My Photo
Location: California, United States

Sunday, July 28, 2013

Ask, search, knock

The gospel for today - Luke 11: 1-13 - seems to me to indicate that God does affirmatively answer petitionary/intercessory prayers (or that Jesus thought he did). I hate the idea so many religious spokespeople have about prayer ...

As Rowan Williams put it in his Times interview: "The point of praying is to open yourself up to God so God can do what he wants with you. You come with empty hands, as silent as you can be and say, 'Over to you'. So you could say the function was to make you the person God wants you to be – in the full awareness that that might not be quite the person you think you want to be."

... I can't help thinking of this as "zombie prayer" ;) I like what Herbert McCabe OP is said to have thought about petitionary prayer ...

McCabe’s defense of petitionary prayer, for instance, is a model of straightforward, no-nonsense pastoral care. People often think that when they pray, they either shouldn’t pray for things—that’s grubby and selfish; you should be “communing with God” or something like that—or the things they pray for should be noble and selfless: world peace, social justice, et cetera. McCabe deflates all of that high-mindedness by noting that when people say they’re distracted during prayer, what they’re really saying is that their real wants are breaking through their high-minded palaver. He observes wryly that people in foxholes or on sinking ships aren’t troubled by distractions to their prayers. McCabe’s advice is to just go ahead and ask for what you really want—a good grade, money for the mortgage, Grandmom getting better, not drowning. You’re not fooling God by praying for things you don’t really desire but rather think you should desire. Maybe you should pray for those things—the Holy Spirit will lead you there eventually—but if you can’t even pray for the things you do want, how are you ever going to pray for the things you should want? Moreover, McCabe contends that there is no such thing as an unanswered prayer. God gives us either what we ask for or more than what we asked for, which we often experience as his saying no. Our not receiving what we want is a way for God to get us to reflect on what we really desire; it’s a way of getting us to realize what we should be praying for, which, in the end, is communion with him. - Meet the New Boss, Same as the Old Boss: An Interview with Eugene McCarraher, Part Three of Three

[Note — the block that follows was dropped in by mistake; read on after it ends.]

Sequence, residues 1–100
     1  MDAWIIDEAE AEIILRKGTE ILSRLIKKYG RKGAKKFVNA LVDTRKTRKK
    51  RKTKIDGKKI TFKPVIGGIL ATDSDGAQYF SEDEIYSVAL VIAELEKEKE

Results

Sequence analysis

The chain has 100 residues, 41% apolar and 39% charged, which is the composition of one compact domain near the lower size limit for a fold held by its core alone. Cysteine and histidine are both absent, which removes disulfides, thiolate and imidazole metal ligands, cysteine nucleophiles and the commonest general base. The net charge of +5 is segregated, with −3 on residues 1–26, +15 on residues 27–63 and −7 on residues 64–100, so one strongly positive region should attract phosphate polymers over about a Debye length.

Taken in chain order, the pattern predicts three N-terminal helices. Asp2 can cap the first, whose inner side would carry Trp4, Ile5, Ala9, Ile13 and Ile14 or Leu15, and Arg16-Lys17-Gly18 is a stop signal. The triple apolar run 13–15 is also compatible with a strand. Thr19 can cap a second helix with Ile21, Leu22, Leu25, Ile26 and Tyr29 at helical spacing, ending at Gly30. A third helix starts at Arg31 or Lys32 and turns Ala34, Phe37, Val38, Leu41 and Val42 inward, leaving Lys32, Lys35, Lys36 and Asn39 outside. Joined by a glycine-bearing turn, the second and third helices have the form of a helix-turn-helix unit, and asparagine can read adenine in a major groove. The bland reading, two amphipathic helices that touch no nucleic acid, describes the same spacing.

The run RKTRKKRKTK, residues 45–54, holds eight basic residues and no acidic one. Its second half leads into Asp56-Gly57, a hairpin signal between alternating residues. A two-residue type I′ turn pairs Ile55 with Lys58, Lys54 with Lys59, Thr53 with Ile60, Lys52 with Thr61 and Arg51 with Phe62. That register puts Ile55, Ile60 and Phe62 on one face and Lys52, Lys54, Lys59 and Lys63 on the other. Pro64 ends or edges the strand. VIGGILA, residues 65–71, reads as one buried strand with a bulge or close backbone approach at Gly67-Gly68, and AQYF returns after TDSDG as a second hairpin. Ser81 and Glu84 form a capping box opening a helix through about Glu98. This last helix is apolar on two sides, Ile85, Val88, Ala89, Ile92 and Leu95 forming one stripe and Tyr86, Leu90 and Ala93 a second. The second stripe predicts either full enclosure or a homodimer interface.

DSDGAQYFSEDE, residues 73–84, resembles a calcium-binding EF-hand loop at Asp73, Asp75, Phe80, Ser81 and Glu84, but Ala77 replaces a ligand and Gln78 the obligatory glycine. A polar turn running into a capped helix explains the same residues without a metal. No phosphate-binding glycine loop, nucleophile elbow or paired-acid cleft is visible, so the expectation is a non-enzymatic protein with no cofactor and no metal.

Post a Comment

<< Home